At the special show area, Fraunhofer and university-affiliated research institutes of the German Academic Society for Production Engineering (WGP) will showcase latest advances in networked production technology. Apart from WGP, representatives of industrial sectors will showcase solutions that they have implemented in practice. In an accompanying presentation forum, academics will throw light on their latest research results and firms will be spotlighting their competences in regard to the smart factory concept.
In an area covering 650 m2, the Industry 4.0 area located in hall 25, will have on more than a third of this area, nine WGP institutes presenting examples of their research projects and providing insights into the factory of the future. With its total of 39 institutes, the WGP will exhibit expertise covering the entire field of production technology, according to WGP.
Academics from Munich and Stuttgart will showcase the “BaZMod” project financed by the German Federal Ministry of Education and Research (BMBF). The motto of “Component-Friendly Machine Configuration in Production Operations Using Cyberphysical Additional Modules” (in German abbreviated to “BaZMod”) involves expanding the presently known interfaces. Up till now, interfaces between an intelligent tool and a machine’s control system have been executed differently by each manufacturer. In the shape of “BaZMod”, the academics will be presenting solutions for a standardised interchange of data and energy between a smart tool and the production environment.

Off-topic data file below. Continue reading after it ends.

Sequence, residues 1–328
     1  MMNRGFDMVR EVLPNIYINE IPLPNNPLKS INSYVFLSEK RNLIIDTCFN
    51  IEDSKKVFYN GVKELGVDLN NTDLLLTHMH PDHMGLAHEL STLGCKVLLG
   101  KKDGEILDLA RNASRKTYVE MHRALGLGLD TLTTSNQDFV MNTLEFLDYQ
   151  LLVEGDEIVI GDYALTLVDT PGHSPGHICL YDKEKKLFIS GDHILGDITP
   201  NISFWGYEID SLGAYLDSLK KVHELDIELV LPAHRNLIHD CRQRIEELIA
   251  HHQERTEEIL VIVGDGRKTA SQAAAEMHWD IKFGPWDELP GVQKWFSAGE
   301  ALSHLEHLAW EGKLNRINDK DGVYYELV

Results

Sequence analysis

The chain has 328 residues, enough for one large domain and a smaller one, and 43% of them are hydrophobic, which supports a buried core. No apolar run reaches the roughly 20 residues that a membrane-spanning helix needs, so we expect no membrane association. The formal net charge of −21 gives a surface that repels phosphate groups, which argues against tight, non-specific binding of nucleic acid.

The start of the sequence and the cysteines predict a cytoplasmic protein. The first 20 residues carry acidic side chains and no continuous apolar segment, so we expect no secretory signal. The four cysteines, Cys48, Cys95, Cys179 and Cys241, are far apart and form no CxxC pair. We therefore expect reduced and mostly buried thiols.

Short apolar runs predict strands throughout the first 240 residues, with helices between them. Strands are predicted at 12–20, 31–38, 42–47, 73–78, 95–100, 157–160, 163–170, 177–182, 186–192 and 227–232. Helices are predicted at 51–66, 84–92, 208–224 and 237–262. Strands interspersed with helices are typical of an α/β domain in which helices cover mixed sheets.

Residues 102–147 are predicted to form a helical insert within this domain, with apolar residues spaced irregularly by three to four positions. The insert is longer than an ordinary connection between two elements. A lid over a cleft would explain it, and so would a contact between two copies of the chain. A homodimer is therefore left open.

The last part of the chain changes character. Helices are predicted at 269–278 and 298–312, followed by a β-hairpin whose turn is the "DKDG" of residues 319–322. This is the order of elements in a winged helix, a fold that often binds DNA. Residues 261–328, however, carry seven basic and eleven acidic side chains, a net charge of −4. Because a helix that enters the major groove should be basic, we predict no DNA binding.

Results from the specialised research field of “Gentelligent Manufacturing” will be spotlighted by researchers from Hanover, who will present a machine tool that can “feel” and new approaches in the field of sensor technology, like modularised microsensors and sensor-based clamping technology. Magnetic magnesium alloys, an innovative high-frequency communication system for the production operation and teaching-free process monitoring will also be spotlighted at the booth.
In the field of simulation, academics from Kaiserslautern will show results from the BMBF’s “mecPro2” project. Cybertronic products (CTPs) are complex systems, whose development is still often document-centred even today. The transfer of product-related information to the production people, too, is frequently document-centred and is often delayed right to an advanced phase of planning for the CTP. This makes it more difficult and time-consuming to plan the cybertronic production system (CTPS). Within the framework of mecPro2, a model-based systematised planning methodology has been developed for CTP and CTPS, enabling integrated planning to be assured for both product and production.
Man-machine interactions will be presented by a team from Aachen, who will show the results of various government-funded research projects, like augmented reality and man-robot collaborations, plus radio-based application-friendly technologies. The exemplary process will show interaction with a lightweight robot, the creation and production of an individual order and the continuous provision of information by means of innovative interfaces.
Besides research, plenty of space will also be devoted to practical applications in the Industry 4.0 area. Companies will exhibit their latest practical solutions, ranging from machine tools and logistics to the relevant software.
Exhibits will include data-processing solution based on machine learning, suitable for integration with industrial communication protocols. A demo robot cell featuring a virtual display of a software package for automation solutions, including a control unit, will be on show too. A tool dispenser system and a pallet handling system in conjunction with a bookkeeping software package will also be presented.